After 12 years since selling its Samba stake and eventually exiting Saudi Arabia, Citigroup Inc. is gaining more high-profile deals in the kingdom and is planning to do for more.
According to sources familiar with Citigroup’s plans, the bank has prepared a company-wide task force to target opportunities in Saudi Arabia and holds weekly calls to organize matters regarding their strategy.
“Citi’s exit from Saudi put some strain on their activities there, but they have worked hard to get back into the kingdom," said Emad Mostaque, a strategist at Ecstrat Ltd.
Citigroup has been selected not just as one of the three advisors for the nation’s first international bond sale, but is placed as Saudi Arabia’s lead adviser. The bond sale could fetch over $10 billion as soon as October and Citigroup should witness its investment banking business in the kingdom begin to prosper as the region is going through unprecedented structural reforms. Saudi Arabia also has plans to create the world’s largest sovereign wealth fund and sell shares of Saudi Arabia Oil Co. in an initial public offering (IPO).
Why Return: Two Factors for Growth in Saudi Arabia
In specifics, there are also two catalysts that will drive long-term business growth for Citigroup in Saudi Arabia. The first catalyst, which is already ongoing, is the market’s insight that the world has stepped into an era of low interest rates, evident as central banks around the world have been cutting rates. This event has come as a good opportunity for the country, and here’s why.
The waning crude oil price over the past two years has made the government of Saudi short on cash and on the verge of desperation to borrow. However, with the budget deficit growing and capital pouring out of the region, it turned gradually tough for the government to access capital—until Brexit. Investors figured that a Fed rate hike was unlikely when Britain left the European Union, and began pushing money back into high-yield markets such as that of Saudi Arabia’s, taming down borrowing costs and accelerating loan growth. The International Monetary Fund estimated that budget losses in the Middle East will hit $900 billion by year 2021, and Saudi Arabia will account for a large portion of this. The government will be looking to borrow for the coming years, and rates in developed markets are expected to stay low for a long time.
Overall, this first catalyst should lead to additional funds flowing into the kingdom, further driving loan growth and guaranteeing business for Citigroup.
The second catalyst lies on the kingdom’s idea to reform its economy and privatize industries—a plan which is dubbed as “Saudi Vision 2030”. The general idea of this plan is to decrease Saudi Arabia’s dependency on crude oil by turning the country more attractive and receptive to foreign investment, which should aid other industries to develop.
Vision 2030 “could translate into a fantastic wallet for the investment banks,” Omar Iqtidar, Citigroup’s investment banking head in the Middle East, said in a May interview in Dubai.
Saudi’s decision to open its doors to foreign investment is a key reason low interest rates, as explained, could be a catalysts for spurring loan growth and IB business. Privatizing businesses will include selling shares in government-run firms, and the increased IPO activity can be a boon for Citigroup. As part of Saudi Vision 2030, the government intends to sell a 5% stake in Saudi Aramco, the public oil company assessed to be the most valuable business in the world.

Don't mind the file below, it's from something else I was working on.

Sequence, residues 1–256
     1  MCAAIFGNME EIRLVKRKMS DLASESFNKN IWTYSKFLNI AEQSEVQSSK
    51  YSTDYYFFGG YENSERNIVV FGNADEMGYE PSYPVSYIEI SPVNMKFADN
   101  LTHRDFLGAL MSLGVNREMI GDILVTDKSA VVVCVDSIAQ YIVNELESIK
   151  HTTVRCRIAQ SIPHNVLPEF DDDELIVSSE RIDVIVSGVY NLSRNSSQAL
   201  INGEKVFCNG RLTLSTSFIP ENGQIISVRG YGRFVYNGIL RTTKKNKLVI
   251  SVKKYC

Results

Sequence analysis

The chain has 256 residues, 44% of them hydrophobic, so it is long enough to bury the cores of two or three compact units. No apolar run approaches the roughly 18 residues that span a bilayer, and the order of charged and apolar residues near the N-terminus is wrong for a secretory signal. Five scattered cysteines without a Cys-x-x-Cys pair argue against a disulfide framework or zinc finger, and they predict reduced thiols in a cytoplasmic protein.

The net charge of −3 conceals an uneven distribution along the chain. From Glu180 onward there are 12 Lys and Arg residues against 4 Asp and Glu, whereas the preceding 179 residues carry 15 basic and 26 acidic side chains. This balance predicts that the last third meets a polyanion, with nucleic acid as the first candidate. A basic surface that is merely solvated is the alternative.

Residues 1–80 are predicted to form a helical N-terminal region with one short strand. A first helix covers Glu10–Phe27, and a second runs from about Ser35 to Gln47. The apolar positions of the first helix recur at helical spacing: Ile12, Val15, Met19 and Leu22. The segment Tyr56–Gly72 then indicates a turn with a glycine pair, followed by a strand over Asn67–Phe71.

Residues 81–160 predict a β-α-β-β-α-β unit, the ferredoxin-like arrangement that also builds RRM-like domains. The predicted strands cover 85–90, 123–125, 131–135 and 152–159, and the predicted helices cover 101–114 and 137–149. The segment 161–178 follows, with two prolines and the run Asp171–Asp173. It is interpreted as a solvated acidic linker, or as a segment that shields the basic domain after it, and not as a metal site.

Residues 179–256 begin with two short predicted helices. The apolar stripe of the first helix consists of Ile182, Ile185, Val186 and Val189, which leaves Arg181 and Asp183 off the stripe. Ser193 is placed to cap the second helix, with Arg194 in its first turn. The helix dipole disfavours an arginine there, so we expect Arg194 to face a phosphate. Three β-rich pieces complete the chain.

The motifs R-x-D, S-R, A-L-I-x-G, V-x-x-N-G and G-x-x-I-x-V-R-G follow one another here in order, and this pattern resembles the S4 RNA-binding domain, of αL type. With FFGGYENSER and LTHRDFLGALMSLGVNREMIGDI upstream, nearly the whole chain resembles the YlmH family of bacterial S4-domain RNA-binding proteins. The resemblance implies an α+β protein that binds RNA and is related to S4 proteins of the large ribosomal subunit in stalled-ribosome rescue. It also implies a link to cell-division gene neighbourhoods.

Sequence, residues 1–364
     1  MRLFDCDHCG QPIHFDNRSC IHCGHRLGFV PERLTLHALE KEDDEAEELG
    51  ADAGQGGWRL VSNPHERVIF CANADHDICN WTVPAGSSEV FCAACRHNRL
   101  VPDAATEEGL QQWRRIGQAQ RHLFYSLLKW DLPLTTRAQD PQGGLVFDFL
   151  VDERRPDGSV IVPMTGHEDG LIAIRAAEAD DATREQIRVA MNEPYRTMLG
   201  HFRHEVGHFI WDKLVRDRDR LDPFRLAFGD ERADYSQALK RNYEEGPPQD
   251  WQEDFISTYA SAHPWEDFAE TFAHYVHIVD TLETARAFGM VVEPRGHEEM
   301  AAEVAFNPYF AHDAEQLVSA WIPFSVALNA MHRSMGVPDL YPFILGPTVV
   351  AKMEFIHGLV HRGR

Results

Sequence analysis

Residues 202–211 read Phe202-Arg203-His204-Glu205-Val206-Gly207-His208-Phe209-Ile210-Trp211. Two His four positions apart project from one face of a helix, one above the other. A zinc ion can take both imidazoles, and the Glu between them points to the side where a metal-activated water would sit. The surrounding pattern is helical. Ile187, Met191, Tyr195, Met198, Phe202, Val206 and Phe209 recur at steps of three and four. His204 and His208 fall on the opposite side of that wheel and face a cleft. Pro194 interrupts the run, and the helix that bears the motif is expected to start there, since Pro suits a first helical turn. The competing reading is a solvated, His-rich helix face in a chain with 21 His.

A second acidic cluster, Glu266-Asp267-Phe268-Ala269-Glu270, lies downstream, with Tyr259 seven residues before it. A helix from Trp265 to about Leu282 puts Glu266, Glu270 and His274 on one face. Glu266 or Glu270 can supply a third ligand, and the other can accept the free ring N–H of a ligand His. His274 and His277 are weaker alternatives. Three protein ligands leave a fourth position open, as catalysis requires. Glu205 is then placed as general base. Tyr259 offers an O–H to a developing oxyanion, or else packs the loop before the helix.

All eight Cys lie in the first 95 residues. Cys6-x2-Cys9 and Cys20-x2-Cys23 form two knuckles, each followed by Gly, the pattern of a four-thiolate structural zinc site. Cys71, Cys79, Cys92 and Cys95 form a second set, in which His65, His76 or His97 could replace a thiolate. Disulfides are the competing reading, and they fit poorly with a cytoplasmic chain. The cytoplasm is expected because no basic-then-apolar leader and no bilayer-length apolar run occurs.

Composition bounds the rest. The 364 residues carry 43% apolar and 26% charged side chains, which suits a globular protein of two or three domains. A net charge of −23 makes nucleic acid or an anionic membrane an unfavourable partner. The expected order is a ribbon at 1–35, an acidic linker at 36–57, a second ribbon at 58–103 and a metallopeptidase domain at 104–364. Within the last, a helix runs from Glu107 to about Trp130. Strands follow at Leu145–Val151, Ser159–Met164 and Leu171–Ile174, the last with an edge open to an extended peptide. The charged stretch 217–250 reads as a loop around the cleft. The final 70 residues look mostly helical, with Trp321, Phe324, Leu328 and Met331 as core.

Even if Citigroup has been out of the kingdom for over a decade, the bank is certainly better situated than many of its domestic peers to profit from the prospect in Saudi Arabia due to its diverse global operations.
Quitting Saudi Arabia was described as a “mistake” in 2007 by Mohammed al-Shroogi, the bank’s then-managing director for the Middle East. In the prevailing years, Citigroup executives have continued to visit the kingdom and expressed interest in returning. Citigroup may have lacked the licenses required to participate in IPOs but it has kept its presence in the region, a vital factor in helping it secure a place in Saudi Arabia's first international bond sale.
In addition to its return to Saudi Arabia, the bank also became the last of the big US banks to agree to allow customers to send instant payments by mobile phone over an industry network that is competing with upstart Venmo on Wednesday.
Citigroup is also planning to shut nearly 10% of its branches in India to expand digital banking, in answer to customers mostly switching to the bank’s digital banking platform to carry out their transactions. During Q2 2016, the bank reported a 13% year-over-year drop in consumer banking branches in Asia, bringing down the count to 461.
At these news announcements, Citigroup ended the session prior with a 1.08% or 0.50 gain to 46.88. In afterhours trading, the gain has lessened to 0.04 points but still remained in the green. On the chart below, the Bollinger bands are seemingly arching and are headed lower. Citigroup is currently in a narrow trade, which limits the range of the price movement. However, the major trend still remains bullish and robust.
Citigroup, along with other major banks, are taking defensive measures. Citigroup also currently carries a Zacks Rank #3 (Hold). In a similar sentiment, while we do see a good chance to buy the stock, further caution is as well suggested for a stock gaining a neutral outlook, especially if we are looking at technical indicators.
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